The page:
I once came across a person whose job it was to compare the results of one computer with the result of another computer to see if there was any difference … all day long. I asked him if he ever found a difference, and he said, “No, but I’ve been working here for only six months now.” I just felt sorry for him. Anyway, even though I just created the term “design for administration,” I believe the idea behind it is quite viable.
Design for Additive Manufacturing
Design for additive manufacturing is a more specialized topic if you design parts for 3D printing and similar production approaches. This is often specific to the technique employed. For example, laser sintering has difficulties in getting the powder out of long, thin tubes. Fused Deposition Modeling, on the other hand, needs support structures for overhangs. Laser sintering may need these too, due to the thermal expansion and shrinking of the part during production.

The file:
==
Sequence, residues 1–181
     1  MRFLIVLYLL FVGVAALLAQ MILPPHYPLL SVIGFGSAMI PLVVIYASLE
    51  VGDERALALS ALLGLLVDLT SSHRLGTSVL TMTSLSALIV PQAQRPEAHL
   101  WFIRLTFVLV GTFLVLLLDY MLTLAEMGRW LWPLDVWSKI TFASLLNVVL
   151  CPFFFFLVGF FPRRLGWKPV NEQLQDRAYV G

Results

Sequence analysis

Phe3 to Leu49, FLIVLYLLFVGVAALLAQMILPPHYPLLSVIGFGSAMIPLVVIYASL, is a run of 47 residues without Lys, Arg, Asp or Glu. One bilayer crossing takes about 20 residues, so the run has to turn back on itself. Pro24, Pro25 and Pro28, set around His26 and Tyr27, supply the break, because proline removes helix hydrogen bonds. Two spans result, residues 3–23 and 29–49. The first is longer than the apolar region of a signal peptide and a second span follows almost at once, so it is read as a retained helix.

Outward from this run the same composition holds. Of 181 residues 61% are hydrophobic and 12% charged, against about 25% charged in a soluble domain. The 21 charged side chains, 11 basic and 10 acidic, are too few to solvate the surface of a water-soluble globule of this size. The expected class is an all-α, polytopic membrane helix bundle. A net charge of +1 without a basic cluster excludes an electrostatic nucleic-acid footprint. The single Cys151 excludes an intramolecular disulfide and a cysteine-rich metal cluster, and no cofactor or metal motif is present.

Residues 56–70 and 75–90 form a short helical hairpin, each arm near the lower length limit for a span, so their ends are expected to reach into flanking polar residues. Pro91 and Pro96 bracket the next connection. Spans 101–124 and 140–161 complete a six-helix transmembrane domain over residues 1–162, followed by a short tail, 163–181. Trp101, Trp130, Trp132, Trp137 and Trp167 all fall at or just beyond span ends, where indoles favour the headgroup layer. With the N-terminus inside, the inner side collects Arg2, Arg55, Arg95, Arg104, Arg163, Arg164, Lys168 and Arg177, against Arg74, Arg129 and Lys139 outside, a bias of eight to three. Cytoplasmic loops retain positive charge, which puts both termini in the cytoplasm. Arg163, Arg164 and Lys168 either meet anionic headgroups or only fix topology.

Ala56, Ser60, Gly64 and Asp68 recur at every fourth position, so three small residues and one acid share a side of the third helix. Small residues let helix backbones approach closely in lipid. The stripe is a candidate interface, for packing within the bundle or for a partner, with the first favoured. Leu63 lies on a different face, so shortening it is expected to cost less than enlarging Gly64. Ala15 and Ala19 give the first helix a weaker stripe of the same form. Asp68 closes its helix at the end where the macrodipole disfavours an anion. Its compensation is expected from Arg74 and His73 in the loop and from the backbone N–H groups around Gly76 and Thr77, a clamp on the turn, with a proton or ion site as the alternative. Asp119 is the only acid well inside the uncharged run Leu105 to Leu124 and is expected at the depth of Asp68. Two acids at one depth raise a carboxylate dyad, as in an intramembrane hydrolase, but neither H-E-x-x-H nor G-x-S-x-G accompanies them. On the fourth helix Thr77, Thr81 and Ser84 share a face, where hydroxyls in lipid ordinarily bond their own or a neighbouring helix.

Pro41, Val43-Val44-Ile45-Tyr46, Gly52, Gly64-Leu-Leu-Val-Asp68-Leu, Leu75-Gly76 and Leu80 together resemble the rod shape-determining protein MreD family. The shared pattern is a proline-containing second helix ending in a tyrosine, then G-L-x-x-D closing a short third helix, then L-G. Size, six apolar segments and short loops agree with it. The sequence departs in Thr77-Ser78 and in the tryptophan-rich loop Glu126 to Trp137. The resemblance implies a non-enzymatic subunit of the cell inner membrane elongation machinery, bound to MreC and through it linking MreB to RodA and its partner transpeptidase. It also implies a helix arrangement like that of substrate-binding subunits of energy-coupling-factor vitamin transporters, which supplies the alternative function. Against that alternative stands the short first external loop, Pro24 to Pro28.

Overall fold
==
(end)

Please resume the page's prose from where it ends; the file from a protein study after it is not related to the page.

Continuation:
Other aspects are less specific to the 3D printing technique. Since there is a lot of flexibility in the geometry, it is possible to design parts in an almost natural-looking shape, where you add material only where needed and leave it out where not. The inside of parts also often have a honeycomb or lattice structure to provide stability while reducing weight and production time.
Design for Interchangeability
If you make multiple similar products, it can really help if they are interchangeable. This makes upgrading or downgrading much easier. For example I have a normal shower handle valve. I would have liked to exchange it with a higher grade temperature controlled shower valve. The valve sits in a plastic box in the wall for easy installation and maintenance. Unfortunately, this plastic box is not compatible with the temperature controlled valves from the same brand 🙁 . Upgrading would now require chiseling out part of the wall.